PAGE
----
Phobias relate to an irrational and persistent fear concerning specific objects, such as spiders and snakes, or situations having to do, for example, with heights or crowds. There are various treatments said to address such fears of which exposure therapy is one (Hirai, Vernon & Cochran, 2007). As the name implies, exposure therapy involves exposing individuals to the thing or situation they experience an irrational fear of. This can be accomplished in a number of ways: in vivo refers to direct exposure or confrontation; imaginal therapy asks individuals to visualize exposure to the object or situation most feared; and virtual reality therapy is computer-assisted treatment that immerses individuals and thereby facing their fears in a very controlled and artificial manner (Hirai, et al., 2007). Two different approaches can be utilized within the chosen therapeutic approach. First, treatment can be gradual whereby the individual in introduced to the object or situation incrementally. In such cases gradual treatment is augmented with cognitive behavioral (CB) techniques that assist with identifying automatic thoughts that are negative and reinforce fear, and relaxation techniques may be used to relieve tension. The other approach is brief, and exposes individuals to the object or situation very quickly; and while the brief approach, also referred as flooding, can also be augmented with CB and relaxation techniques, it most often is followed by a few other sessions that involve self-reports and assessments concerning progress (Hirai, et al., 2007).
Arachnophobia is the term used to describe an irrational fear of spiders and is reported to be the most prevalent of all specific phobias. As has been explained earlier in this paper, there are various ways that arachnophobia may be treated using exposure therapy. Hirai, et al., (2007) report that some successes have been reported using imaginal flooding and systematic desensitizing, but there is a limited amount of literature indication exactly how effective these treatments actually are. But, there does appear to be quite a bit of research that has been reported concerning single-session and group treatments which are explored below.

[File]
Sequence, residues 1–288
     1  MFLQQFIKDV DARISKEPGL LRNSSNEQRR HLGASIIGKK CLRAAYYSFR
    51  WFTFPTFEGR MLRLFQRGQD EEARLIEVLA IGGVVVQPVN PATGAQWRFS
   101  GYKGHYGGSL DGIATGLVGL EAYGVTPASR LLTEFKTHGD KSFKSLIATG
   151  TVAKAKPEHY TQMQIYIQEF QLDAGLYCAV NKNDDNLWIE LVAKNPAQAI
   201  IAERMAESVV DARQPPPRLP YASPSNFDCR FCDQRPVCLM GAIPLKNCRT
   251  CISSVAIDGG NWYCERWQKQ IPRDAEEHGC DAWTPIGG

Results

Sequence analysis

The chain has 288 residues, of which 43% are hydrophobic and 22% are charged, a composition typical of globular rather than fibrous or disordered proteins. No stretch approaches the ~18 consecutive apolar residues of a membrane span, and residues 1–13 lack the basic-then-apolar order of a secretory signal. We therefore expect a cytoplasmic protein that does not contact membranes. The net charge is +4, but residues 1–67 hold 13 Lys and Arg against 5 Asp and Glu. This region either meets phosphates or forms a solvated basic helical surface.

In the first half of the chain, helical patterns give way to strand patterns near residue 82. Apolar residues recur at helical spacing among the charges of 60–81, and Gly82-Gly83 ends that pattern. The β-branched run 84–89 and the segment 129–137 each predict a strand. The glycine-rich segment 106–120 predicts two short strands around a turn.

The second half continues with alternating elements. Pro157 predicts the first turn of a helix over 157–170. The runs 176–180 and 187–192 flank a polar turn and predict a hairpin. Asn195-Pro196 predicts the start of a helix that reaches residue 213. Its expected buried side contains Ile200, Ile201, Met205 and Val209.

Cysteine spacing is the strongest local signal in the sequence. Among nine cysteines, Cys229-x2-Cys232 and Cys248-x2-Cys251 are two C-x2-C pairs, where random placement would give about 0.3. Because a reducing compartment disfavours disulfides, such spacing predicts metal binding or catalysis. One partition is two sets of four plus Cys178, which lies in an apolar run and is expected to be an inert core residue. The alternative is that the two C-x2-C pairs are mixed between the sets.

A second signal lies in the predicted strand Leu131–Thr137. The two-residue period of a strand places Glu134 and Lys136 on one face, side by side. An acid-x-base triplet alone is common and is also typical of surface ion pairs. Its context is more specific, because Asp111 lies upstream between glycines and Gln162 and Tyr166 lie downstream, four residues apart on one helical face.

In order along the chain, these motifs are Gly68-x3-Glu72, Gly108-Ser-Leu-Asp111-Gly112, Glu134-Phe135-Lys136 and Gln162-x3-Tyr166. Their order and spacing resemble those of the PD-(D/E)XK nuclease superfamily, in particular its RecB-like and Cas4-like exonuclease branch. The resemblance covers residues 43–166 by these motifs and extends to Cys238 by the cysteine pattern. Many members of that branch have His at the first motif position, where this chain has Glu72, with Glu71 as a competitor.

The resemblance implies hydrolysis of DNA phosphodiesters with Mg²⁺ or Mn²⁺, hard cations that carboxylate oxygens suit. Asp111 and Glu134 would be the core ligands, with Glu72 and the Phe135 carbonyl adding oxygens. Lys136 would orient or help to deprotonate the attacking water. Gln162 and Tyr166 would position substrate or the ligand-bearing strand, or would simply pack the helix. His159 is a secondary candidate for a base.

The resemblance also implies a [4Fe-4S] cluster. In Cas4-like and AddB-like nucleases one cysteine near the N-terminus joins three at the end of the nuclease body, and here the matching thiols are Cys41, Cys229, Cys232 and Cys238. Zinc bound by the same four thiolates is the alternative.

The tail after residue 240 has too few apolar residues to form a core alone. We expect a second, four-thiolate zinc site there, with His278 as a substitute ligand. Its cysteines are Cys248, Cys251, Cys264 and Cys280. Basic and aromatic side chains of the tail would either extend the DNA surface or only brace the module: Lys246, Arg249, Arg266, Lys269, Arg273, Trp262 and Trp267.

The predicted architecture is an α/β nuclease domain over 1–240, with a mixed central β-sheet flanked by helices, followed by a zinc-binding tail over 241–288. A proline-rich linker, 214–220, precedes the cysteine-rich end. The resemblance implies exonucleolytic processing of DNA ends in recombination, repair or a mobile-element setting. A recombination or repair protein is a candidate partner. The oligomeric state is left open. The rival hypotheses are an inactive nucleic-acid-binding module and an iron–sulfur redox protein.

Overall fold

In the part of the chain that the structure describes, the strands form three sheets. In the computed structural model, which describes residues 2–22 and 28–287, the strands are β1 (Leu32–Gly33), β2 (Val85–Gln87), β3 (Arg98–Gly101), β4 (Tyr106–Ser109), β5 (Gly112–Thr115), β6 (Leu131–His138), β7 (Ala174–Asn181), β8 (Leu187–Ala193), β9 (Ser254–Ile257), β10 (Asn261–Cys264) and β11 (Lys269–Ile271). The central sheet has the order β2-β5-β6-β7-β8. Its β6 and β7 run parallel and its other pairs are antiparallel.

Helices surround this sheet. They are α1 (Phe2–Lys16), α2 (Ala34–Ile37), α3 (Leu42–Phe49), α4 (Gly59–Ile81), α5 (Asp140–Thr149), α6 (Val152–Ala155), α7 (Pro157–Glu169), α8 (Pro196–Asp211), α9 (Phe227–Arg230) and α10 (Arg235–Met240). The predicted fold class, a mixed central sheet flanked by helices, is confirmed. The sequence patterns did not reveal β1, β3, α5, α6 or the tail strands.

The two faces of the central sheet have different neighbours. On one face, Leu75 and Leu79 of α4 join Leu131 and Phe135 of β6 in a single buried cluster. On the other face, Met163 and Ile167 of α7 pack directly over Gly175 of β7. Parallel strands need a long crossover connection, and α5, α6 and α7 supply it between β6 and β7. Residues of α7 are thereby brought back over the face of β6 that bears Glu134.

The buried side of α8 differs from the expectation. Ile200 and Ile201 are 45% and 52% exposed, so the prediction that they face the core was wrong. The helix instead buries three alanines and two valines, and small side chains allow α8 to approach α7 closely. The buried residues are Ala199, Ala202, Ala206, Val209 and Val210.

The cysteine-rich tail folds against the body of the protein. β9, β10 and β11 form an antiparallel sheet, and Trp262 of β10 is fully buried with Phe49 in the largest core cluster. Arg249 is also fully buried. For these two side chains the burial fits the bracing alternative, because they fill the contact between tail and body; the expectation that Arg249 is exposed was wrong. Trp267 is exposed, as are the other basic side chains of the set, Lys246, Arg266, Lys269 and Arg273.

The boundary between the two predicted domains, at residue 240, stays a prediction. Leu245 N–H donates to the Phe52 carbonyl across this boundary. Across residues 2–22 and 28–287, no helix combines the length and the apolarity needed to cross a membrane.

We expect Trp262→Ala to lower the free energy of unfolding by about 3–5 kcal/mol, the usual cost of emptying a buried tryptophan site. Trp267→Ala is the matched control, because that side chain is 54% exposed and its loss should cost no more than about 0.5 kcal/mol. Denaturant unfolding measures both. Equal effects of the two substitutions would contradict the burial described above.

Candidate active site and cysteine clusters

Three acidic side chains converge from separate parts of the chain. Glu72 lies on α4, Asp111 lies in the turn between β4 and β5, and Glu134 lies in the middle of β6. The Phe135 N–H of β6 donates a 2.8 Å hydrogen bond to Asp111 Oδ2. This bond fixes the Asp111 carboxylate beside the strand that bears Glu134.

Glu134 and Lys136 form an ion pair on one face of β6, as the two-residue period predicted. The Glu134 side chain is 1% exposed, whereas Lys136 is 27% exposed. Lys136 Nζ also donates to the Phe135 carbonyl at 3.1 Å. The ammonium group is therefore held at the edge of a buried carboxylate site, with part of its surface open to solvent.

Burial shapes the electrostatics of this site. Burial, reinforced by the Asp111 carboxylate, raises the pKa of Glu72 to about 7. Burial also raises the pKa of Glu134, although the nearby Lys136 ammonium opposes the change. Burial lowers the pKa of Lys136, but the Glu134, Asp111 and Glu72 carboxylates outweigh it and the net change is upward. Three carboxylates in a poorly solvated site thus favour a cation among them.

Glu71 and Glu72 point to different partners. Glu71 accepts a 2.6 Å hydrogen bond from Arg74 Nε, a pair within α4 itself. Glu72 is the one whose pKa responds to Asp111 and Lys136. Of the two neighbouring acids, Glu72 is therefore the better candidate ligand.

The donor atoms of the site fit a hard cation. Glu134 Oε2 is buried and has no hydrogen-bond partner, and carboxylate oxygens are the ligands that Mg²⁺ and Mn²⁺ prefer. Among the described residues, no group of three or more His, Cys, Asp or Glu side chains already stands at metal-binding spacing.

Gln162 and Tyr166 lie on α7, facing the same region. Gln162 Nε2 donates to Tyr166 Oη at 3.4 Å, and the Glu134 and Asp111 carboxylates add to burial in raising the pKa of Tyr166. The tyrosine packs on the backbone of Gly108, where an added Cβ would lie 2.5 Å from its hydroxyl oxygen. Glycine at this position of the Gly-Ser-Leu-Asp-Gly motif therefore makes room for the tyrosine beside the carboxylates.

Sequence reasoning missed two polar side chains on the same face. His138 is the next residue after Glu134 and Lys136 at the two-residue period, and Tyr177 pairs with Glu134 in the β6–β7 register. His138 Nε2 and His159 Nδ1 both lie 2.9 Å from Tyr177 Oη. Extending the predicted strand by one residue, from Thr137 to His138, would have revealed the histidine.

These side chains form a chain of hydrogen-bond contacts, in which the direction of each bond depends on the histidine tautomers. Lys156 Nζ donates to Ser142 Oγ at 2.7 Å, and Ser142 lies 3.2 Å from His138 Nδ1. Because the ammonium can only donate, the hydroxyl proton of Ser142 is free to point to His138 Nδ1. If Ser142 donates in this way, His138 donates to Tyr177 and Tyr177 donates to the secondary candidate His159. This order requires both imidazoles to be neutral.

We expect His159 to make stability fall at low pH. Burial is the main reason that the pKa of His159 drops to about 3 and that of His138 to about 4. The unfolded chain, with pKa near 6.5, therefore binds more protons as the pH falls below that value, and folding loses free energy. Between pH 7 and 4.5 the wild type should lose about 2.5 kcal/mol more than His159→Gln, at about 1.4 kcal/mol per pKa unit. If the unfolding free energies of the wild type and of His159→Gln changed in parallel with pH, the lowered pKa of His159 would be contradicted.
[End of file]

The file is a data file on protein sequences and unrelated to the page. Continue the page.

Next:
You're lucky! Use promo "samples20"
and get a custom paper on
"Arachnophobia: Irrational Fear Of Spiders"
with 20% discount!
Order Now

Single-session exposure therapy for spider phobia is relatively simplistic. Those who receive this type of therapy are exposed to actual living spiders over the course of 2-to-3 hours. During this session a therapist will expose individuals to a spider by introducing it slowly until the individual handles it. Approximately 80 percent of participants in research using a single-session technique reported significant improvements (Hirai, et al., 2007). The therapeutic process is similar when applied in group situations, except the therapist “treats” one group member by exposure to the spider and then this individual will model the treatment with others within the group. In this example, the duration of group sessions are the same as those for those attending individual treatment, and this approach appears to be as effective for small or large groups (Hirai, et al., 2007).

Researchers have also looked at what is potentially the most effective of group treatments, meaning they compared single-session in vivo exposure to that of gradual in vivo desensitization, as well as with video observation (where groups are exposed to spiders while watching films). While each approach was effective it was single-session in vivo exposure that was the most efficacious. Hirai, et al., (2007) also reported that the same was found when duplicating the tests. However, the effectiveness of single-session in vivo exposure therapy over that of other treatments was recorded through post-treatment interviews as well as through assessments conducted one year later. These findings are prefaced by two inherent problems reported by researchers. First, reactions by group members may actually illicit strong responses by others and thwart any positive gains. Secondly, therapists cannot focus on all members at the same time making it impossible to spot adverse reactions as they occur (Hirai, et al., 2007).

  • Hirai, M., Vernon, L. L., & Cochran, H. (2007). Exposure therapy for phobias. In D. C. Richard & D. Lauterbach (Eds.), Handbook of exposure therapies (pp. 247-270). Burlington, MA: Elsevier/AP.